Orlando returns to one of his many estates and throws himself into writing. Here he has his first conversation with a poet. The poet is bitter, scathing about the playwrights and poets of the day like Marlowe and Shakespeare, who lack the true talent of Ovid and Aristophanes. Orlando shares his own prolific and amateurish work with the poet, who publicly mocks him for it. Hurt, Orlando takes up service for the crown, and is sent to Constantinople.

By now it is probably the early eighteenth century. Orlando serves in his civil service post; he is feted and admired by the British; he hunts and has adventures. After a large reception at his house and an attempted revolution by the natives, Orlando awakens the following morning, female, and decides to change her life. The biographer comments that many people say Orlando was a female the entire time, pretending to be male, and some people say that Orlando was male the whole time, pretending to be female. The poor biographer can only report the facts, when Orlando woke up that morning she was Lady Orlando.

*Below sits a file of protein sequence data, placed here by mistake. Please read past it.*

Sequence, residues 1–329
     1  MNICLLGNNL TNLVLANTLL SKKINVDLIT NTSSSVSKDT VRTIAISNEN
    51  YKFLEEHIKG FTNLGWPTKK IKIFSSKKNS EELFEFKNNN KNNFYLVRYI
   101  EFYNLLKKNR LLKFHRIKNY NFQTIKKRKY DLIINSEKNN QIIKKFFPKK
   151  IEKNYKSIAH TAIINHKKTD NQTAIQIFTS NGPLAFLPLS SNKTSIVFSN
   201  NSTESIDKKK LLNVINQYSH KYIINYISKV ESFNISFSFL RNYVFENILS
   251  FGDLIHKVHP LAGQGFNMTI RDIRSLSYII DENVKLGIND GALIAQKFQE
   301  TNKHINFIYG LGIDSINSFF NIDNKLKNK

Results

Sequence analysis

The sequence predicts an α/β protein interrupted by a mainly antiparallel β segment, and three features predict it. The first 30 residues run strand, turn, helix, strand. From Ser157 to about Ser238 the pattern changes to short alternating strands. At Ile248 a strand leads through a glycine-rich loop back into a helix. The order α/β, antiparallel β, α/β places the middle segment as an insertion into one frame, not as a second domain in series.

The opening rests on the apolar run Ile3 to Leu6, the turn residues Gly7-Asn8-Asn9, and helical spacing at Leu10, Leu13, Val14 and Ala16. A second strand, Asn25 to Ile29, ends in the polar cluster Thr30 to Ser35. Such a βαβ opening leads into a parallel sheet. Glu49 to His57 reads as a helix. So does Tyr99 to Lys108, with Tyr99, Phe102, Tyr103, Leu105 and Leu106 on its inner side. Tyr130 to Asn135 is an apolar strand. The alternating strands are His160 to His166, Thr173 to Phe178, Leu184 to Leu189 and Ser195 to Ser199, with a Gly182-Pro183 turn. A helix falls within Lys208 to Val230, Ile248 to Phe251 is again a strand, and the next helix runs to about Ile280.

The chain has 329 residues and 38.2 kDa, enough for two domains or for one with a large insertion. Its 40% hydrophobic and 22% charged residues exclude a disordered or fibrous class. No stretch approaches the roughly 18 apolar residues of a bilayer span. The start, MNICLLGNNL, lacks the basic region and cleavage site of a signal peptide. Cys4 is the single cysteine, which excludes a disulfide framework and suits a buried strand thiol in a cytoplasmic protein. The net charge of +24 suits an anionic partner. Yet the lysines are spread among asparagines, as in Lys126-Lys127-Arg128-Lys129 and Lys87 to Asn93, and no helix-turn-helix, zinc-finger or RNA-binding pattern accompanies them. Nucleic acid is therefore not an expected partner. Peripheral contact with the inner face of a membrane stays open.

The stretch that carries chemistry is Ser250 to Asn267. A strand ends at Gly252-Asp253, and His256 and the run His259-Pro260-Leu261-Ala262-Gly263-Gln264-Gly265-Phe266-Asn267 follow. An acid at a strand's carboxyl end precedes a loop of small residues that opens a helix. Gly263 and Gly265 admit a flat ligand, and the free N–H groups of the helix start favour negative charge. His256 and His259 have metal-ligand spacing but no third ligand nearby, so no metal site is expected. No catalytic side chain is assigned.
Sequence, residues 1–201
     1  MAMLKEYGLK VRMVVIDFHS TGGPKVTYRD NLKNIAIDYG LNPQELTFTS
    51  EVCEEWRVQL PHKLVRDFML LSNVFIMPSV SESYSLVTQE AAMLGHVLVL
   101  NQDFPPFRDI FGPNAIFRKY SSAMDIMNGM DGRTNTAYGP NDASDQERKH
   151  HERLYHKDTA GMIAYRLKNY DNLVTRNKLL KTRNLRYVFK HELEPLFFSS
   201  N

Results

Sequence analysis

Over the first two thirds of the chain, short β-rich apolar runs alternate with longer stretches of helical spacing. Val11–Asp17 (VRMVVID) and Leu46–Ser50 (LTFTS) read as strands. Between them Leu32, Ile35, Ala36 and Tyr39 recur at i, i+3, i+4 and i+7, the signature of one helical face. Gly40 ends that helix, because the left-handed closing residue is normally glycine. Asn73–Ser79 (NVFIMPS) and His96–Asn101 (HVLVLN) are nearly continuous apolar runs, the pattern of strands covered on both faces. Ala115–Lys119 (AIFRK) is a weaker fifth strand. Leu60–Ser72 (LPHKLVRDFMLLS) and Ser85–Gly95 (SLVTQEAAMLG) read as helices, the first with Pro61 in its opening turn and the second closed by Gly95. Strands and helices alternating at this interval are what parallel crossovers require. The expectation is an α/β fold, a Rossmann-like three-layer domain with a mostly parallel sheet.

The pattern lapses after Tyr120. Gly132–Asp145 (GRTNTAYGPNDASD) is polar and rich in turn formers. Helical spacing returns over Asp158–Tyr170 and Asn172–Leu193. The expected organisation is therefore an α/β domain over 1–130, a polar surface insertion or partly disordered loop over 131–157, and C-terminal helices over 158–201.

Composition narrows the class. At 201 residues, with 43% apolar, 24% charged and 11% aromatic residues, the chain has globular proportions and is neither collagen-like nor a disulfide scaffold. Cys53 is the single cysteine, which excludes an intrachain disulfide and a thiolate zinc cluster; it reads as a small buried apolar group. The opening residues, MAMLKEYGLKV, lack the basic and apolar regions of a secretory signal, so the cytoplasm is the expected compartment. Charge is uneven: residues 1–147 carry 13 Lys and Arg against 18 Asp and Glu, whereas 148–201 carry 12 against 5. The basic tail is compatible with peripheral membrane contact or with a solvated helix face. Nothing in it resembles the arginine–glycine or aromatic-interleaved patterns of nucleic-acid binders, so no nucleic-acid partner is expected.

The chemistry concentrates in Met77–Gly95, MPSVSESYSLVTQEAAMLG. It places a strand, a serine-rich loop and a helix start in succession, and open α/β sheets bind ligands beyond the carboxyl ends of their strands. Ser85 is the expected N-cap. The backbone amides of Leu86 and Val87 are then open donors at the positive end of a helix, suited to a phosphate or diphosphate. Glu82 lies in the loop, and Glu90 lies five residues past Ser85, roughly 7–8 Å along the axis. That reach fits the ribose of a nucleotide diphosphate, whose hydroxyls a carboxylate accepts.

Orlando takes this change in stride. As Lady Orlando, she joins a group of gypsies and travels around Europe, but Orlando has a dangerous disease that the gypsies distrust; a love of nature. Gypsies find this infatuation impractical, and some of the younger members of the clan think they will need to kill her. Before things come to that tragic pass, however, Orlando decides to return to England. She returns in women’s clothing, sitting on the deck under a canopy the captain thoughtfully draped for her, mulling over the difference in how men and women are treated.